Rightsholders affected by the class-action settlement have until May 5, 2009 to decide whether to participate or opt-out and their decision may have business implications.

Copyright Clearance Center is hosting a free, 1-hour informational online seminar to help publishers, authors and literary agents understand their options as May 5th approaches. The session features nationally renowned publishing copyright expert and attorney, Lois Wasoff. Wasoff is the past Chair of the Copyright Committee of the Association of American Publishers and the former Vice President and Corporate Counsel of Houghton Mifflin Company.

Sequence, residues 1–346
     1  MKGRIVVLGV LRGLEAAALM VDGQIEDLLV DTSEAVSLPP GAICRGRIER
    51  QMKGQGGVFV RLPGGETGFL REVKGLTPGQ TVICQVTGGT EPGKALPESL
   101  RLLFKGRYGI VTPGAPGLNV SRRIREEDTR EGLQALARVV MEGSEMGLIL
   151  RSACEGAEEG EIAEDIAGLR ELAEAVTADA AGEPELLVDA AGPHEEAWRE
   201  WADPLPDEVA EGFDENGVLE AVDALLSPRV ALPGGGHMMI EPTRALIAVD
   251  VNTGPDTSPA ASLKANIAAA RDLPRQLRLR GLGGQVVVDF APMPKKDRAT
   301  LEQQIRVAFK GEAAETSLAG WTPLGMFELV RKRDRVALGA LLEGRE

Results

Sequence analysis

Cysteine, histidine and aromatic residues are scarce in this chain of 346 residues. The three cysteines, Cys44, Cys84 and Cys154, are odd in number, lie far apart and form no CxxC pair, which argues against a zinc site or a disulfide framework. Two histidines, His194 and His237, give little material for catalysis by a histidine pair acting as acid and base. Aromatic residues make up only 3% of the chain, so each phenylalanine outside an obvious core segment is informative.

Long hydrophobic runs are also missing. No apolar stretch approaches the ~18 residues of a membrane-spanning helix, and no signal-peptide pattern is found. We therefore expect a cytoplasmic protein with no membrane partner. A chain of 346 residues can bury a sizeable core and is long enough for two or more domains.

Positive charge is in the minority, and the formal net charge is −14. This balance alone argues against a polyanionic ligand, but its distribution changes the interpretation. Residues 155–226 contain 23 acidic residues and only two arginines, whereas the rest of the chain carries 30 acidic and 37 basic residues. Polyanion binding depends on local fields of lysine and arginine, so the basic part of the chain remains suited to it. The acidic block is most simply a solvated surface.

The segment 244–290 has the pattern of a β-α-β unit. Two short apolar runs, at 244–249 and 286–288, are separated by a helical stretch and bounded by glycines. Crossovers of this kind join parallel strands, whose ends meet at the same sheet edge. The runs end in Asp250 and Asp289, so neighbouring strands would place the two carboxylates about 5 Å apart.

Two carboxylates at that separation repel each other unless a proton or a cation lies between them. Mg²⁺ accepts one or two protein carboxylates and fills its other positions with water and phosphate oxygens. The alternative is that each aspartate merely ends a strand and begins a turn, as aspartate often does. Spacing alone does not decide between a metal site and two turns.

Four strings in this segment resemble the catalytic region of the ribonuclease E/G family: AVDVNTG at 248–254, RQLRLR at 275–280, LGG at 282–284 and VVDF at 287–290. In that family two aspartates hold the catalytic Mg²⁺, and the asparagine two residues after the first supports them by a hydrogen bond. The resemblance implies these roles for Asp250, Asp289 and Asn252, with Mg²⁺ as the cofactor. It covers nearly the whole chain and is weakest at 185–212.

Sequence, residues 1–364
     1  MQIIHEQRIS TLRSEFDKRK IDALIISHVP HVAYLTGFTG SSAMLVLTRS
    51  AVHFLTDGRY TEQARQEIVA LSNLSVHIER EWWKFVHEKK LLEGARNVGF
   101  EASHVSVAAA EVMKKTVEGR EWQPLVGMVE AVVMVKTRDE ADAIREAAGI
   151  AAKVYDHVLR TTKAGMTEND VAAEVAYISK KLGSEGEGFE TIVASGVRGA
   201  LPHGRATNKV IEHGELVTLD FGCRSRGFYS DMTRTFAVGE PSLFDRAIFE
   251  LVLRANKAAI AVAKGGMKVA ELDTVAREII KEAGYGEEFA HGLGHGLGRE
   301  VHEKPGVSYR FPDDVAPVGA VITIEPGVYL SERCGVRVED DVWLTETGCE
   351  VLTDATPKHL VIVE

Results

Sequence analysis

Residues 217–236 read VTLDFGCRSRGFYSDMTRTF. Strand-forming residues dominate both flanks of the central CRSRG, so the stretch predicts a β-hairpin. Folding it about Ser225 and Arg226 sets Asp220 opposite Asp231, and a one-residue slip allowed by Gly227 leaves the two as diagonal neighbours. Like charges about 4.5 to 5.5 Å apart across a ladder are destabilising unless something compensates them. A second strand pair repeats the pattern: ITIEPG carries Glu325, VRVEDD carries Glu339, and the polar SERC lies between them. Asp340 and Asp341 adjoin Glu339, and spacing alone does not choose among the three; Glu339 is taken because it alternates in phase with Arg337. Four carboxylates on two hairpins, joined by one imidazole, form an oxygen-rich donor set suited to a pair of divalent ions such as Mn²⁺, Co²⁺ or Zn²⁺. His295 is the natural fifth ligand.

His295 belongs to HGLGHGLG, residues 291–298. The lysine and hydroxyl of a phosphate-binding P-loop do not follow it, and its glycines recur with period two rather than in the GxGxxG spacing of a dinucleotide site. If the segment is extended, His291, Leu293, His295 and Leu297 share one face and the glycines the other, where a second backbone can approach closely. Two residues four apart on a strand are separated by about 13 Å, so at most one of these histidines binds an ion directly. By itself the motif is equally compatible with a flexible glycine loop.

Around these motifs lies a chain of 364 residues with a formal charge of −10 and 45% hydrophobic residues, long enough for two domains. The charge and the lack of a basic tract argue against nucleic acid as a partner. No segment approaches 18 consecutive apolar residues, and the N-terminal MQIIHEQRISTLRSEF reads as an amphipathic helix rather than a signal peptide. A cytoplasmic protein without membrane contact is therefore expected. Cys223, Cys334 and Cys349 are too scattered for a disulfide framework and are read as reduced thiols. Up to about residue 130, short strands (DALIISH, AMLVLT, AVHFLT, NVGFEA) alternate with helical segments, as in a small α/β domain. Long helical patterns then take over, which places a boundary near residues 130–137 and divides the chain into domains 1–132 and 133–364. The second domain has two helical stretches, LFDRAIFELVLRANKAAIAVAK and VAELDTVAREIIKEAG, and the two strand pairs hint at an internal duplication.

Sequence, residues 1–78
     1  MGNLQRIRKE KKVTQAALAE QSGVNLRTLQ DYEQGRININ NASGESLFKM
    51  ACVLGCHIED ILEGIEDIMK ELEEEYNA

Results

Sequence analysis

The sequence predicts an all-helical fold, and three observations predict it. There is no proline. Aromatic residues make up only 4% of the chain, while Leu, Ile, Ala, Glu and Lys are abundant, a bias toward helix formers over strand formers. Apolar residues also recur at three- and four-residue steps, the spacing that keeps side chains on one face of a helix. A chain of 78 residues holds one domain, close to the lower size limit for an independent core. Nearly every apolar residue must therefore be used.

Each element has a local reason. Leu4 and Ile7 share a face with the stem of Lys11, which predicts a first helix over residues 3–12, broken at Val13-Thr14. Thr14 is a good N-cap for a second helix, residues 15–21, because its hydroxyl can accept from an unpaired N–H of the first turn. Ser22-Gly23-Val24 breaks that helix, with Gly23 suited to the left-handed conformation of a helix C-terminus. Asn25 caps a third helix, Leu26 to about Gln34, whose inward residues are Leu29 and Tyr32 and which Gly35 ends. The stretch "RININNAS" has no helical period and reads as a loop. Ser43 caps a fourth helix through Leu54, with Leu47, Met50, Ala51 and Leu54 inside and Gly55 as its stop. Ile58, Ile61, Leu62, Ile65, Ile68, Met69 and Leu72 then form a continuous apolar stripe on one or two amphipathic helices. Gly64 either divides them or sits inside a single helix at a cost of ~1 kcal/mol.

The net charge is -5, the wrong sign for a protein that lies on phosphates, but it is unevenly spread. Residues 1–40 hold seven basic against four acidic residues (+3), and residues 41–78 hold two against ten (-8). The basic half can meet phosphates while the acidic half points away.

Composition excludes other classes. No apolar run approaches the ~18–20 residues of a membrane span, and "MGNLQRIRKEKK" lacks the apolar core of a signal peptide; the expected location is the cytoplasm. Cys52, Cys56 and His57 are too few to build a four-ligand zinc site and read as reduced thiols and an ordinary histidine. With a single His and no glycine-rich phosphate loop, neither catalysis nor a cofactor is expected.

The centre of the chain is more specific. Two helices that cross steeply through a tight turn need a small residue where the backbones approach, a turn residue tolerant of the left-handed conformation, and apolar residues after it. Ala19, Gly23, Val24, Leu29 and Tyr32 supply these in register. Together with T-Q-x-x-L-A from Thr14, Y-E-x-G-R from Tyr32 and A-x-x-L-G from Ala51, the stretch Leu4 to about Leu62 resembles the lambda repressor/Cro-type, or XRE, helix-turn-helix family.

Who should attend? Any author or publisher of a book published on or before January 5, 2009. If that description pertains to you, you may be a member of the Settlement Class under the proposed Settlement Agreement between authors, publishers and Google. Members of the Settlement Class must decide to opt-out or participate by May 5, 2009.

If you would like to learn more about the settlement you can visit a website dedicated to the topic and if you have any questions about this informational seminar, please email education@copyright.com or call +1 978 646 2436.

Register Now - Space is limited

HMH CEO Tony Lucki to Retire

The WSJ is reporting that Tony Lucki will retire on April 15th. In an email to staff he noted he had been involved with Harcourt or Houghton Mifflin for 30yrs and continued,
"Recent steps we have taken put the company in an even stronger position to deliver value to our customers and to build on our market leadership. We are on sound operational and financial footing and have great potential to grow our trusted brands and businesses," he said